PLAINFIELD TOWNSHIP, MICH. - A group concerned about the water contamination in Plainfield Township met on Saturday, Jan. 20 to plan a recall of two township board members.
"We believe that they're not being fair, that they're not representing the Plainfield Township residents," said Cody Angell, a local activist who created the Facebook group, Demand Action From Plainfield Township.
Angell created another Facebook group to start the recall process of Plainfield Township Supervisor Robert Homan and Trustee Susan Morrow.
"Those two members have known about this [contamination] for a very long time and basically done nothing about the situation," Angell said. "That's why we feel that it's best that we put in new members on the board."
In 2013, the Plainfield municipal water tested just below the 70 parts per trillion (ppt) EPA lifetime drinking water advisory for PFAS, toxic chemicals present in sludge dumped years ago by Wolverine Worldwide at northern Kent County sites. Last month, the township wells tested at 6.8 ppt--below the advisory.
Despite Angell's claims, Homan told WZZM 13 that dealing with the PFAS chemicals is "new territory" for the entire board. He said the board constantly attempts to address questions and deal with the "unwelcome contaminants." Both Homan and Morrow declined to comment on the recall efforts.
Angell also claims the township board has not done enough to eradicate other "unregulated contaminants in the municipal water.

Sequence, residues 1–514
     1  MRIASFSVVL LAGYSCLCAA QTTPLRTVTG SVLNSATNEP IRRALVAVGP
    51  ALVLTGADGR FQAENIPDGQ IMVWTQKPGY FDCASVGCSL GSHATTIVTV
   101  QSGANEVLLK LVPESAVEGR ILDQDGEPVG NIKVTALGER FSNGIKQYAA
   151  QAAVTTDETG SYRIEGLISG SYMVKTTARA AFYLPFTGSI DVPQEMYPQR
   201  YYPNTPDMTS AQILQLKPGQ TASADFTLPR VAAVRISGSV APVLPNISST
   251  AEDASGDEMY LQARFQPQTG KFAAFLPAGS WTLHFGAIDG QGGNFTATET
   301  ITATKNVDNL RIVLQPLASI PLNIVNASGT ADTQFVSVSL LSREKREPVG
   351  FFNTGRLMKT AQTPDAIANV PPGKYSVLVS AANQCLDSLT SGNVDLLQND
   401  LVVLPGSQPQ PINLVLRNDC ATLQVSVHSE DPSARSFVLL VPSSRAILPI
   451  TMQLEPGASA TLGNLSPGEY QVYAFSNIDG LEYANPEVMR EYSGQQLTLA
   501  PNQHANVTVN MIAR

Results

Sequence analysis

The township tests for 100 contaminants required by the Safe Drinking Act regularly. Every five years, it tests for unregulated contaminants under the EPA Unregulated Contaminant Monitoring Rule (UCMR). According to a report from the Environmental Working Group, Plainfield Township municipal wells detected three contaminants, 1,4-Dioxane, hexavalent chromium and PFOS, at unsafe levels in 2015.
Switching from municipal water is not helpful if the township water is contaminated, said Jennifer Carney. The well at her home in Belmont tested at 147.9 ppt. Plainfield Township said it would extend municipal water lines to contaminated homes.
"I feel like I have one hand in both pots," Carney said. "I'm in the well, my future is in the municipal. And these people are paying for this toxic water."
Plainfield Township recently approved a $400,000 municipal carbon PFAS filter. The township attorney said the filter will be installed in the coming weeks.
"We are going to be going door-to-door collecting signatures," Angell said. "We're going to collect as many as we possibly can just so we can show that residents don't stand behind the board."
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